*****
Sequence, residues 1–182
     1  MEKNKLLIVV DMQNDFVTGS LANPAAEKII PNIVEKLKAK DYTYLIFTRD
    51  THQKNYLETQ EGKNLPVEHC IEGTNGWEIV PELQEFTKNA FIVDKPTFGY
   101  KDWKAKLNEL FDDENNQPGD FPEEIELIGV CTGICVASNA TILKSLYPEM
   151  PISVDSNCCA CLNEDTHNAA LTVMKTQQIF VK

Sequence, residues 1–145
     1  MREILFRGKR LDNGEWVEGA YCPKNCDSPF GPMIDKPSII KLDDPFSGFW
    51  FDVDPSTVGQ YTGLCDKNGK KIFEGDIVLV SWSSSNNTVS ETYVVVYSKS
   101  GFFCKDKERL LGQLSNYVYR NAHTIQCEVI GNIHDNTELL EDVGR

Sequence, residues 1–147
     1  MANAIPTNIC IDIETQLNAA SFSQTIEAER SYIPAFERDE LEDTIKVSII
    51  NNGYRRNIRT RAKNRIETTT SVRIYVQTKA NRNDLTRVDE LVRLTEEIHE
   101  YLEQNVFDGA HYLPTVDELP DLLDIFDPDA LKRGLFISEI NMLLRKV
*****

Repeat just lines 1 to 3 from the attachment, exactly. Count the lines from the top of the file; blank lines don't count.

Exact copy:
Sequence, residues 1–182
     1  MEKNKLLIVV DMQNDFVTGS LANPAAEKII PNIVEKLKAK DYTYLIFTRD
    51  THQKNYLETQ EGKNLPVEHC IEGTNGWEIV PELQEFTKNA FIVDKPTFGY